IESO’s  procurement activities have over the last decade and a half operated outside  of independent regulatory review.  With the significant amounts of  needed procurements that the AAR identifies for IESO to undertake over the  next decade, an independent review will be more important now than ever.   How IESO designs various procurement processes and mechanisms, who is able  to participate, and what assumptions are underpinning the procurements will  all need to be thoroughly discussed and analyzed in an independent forum  overseen by the Ontario Energy Board (OEB).  The most efficient  oversight would see OEB hold an annual hearing to review the AAR to ensure it  aligns with the IRP and results in procurements that cost-effectively meets  forecast supply needs.  The AAR provides a clear example for why  regulatory oversight is needed.  The AAR lays out IESO’s plan for  sole-sourced bilateral contracts (Brighton Beach GS, Lennox GS), although the  details on those contracts – and the justification for their length – are  limited (given information stakeholders have today).  The bilateral  contracts may be necessary from a reliability perspective and may provide  good value to ratepayers, but neither of these concepts have been clearly  articulated or adequately analyzed in a transparent manner for all  stakeholders to understand.  We note as well that the Ontario government  had previously commenced consultation related to long-term planning in  Ontario, including roles for government directives and potential new roles  for OEB oversight.[2]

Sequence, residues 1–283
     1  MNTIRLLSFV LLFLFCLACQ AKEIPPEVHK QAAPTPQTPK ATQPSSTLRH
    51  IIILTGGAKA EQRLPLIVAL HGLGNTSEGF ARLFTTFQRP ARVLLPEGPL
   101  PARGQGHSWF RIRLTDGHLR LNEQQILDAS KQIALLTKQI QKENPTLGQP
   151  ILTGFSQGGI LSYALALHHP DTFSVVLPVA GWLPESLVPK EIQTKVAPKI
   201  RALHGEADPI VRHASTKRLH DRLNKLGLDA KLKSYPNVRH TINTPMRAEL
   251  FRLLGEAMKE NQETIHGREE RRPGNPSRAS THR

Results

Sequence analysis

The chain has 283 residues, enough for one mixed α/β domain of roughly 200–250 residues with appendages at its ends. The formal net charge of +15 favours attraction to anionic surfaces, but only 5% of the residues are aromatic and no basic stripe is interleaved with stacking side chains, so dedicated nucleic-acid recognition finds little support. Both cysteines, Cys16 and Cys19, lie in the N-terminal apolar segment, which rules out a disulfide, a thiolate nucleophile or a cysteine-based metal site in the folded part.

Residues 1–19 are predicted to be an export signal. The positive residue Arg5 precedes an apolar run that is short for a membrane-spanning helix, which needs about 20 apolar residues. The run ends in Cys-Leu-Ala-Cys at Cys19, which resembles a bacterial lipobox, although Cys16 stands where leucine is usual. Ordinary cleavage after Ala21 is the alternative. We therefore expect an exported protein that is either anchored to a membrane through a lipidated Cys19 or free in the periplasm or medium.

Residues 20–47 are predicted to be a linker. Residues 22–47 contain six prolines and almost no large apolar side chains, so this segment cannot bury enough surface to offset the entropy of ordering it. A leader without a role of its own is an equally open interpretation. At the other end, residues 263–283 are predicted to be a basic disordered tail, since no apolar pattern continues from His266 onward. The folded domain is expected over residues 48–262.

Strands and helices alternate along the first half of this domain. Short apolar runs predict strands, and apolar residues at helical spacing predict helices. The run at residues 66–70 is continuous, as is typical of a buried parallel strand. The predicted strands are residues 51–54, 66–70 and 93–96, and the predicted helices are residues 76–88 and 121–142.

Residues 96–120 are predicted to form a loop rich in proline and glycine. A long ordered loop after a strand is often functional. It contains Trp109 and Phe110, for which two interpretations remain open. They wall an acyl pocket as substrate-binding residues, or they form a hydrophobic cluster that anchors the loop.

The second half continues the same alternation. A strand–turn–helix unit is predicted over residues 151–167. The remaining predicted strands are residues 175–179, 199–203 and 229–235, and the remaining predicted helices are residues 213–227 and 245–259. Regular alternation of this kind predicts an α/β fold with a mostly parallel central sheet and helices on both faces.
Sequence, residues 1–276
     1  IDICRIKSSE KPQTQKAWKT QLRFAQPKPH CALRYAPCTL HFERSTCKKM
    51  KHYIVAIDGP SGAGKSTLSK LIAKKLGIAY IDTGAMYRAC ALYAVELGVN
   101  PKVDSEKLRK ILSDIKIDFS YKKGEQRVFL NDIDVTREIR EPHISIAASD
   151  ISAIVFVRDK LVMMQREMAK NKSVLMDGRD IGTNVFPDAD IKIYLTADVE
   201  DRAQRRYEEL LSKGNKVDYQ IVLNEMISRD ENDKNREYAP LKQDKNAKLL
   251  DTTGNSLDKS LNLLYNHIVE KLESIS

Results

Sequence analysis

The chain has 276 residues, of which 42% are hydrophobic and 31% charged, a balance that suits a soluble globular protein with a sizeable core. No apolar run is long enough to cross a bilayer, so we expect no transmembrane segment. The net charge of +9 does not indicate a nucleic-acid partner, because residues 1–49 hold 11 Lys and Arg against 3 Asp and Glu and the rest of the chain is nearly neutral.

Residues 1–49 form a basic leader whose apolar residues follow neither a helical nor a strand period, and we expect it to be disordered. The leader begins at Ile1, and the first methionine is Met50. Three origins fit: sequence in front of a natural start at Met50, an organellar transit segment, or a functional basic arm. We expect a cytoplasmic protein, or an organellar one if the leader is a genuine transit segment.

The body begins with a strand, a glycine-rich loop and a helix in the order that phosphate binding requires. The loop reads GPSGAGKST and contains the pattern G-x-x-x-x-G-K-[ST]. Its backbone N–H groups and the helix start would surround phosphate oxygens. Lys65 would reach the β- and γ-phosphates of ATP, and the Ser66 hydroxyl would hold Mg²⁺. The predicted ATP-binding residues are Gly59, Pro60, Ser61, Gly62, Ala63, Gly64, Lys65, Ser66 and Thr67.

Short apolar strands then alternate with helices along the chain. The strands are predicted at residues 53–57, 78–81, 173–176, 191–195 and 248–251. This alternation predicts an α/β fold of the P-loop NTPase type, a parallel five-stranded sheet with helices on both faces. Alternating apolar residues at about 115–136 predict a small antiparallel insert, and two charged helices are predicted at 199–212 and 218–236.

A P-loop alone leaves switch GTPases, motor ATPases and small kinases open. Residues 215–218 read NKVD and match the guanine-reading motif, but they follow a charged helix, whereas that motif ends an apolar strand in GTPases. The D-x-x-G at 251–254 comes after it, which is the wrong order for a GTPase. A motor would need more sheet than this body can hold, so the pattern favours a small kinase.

4.       Increased Competition Neededto More Effectively Meet Future Capacity  Requirements

Power  Advisory has long argued for the introduction of Load Serving Entities (LSEs)  in Ontario as means to increase competition and to increase buy-side  liquidity.  The release of the AAR simply solidifies this view.   The AAR provides IESO’s view on what resources will be required to meet  future capacity needs – mainly via large-scale, transmission-connected  resources.  It provides a limited view on what other resource types  could reduce the need for AAR’s procurement forecast.  Using the LSE model  as a reference point, the provincial-wide capacity needs could be mitigated –  potentially to a significant extent – by unlocking competition at all levels  within Ontario’s electricity market and mostly through a more active and  participatory buy-side.  Additionally, IESO needs to move as quickly as  possible to fully enable exiting resources and emerging resource types –  ranging from ‘hybrids’ (e.g., renewables plus energy storage, etc.), energy  storage, DERs, etc. – as they become increasingly more cost-effective as well  as increasingly customer and investor preferred (i.e., policy reasons (e.g.,  decarbonization, etc.), capital market drivers (e.g., environmental, social,  governance (ESG), etc.).

5.        Need for Greater Definition of Ontario Power Generation’s Role in  Ontario’s Electricity Market

The role of Ontario Power  Generation (OPG) within IESO’s procurement framework – and within IAM overall  – needs to be addressed.  No other wholesale electricity market has the  same level of supply-side concentration as OPG presently holds within IAM.   When the wholesale and retail electricity markets were launched in May  2002 there was a clear policy to limit (and reduce) OPG’s market power.   However, that policy appears to have mostly been abandoned, even though by  way of licence conditions OPG ‘must-offer’ supply within IAM.  If OPG is  allowed to participate in future procurements, clarity is needed regarding  how OPG may participate.  Overall, additional to present licence  conditions, there needs to be general consideration of applying some type of  specific market power mitigation to OPG broadly within IAM and specifically  regarding future procurements administered by IESO.    

Figure 1 – IESO Resource Adequacy Framework

Figure 2 – IESO Capacity Auction Forward Guidance

[1] See https://www.ieso.ca/en/Sector-Participants/Planning-and-Forecasting/Annual-Acquisition-Report